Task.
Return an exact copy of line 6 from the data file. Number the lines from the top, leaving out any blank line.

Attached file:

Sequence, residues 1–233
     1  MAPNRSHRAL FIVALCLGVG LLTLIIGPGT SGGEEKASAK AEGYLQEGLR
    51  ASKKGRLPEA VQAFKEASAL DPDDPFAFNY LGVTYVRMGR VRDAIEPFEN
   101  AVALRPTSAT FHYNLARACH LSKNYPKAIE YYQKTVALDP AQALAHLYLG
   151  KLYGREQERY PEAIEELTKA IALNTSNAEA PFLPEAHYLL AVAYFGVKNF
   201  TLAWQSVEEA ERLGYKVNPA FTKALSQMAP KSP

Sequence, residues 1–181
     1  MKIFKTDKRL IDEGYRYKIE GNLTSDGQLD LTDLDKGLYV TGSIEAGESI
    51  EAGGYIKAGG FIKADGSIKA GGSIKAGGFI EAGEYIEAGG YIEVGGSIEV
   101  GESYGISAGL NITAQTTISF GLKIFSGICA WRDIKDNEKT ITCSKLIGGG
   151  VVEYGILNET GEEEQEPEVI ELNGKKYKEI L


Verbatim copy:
   201  TLAWQSVEEA ERLGYKVNPA FTKALSQMAP KSP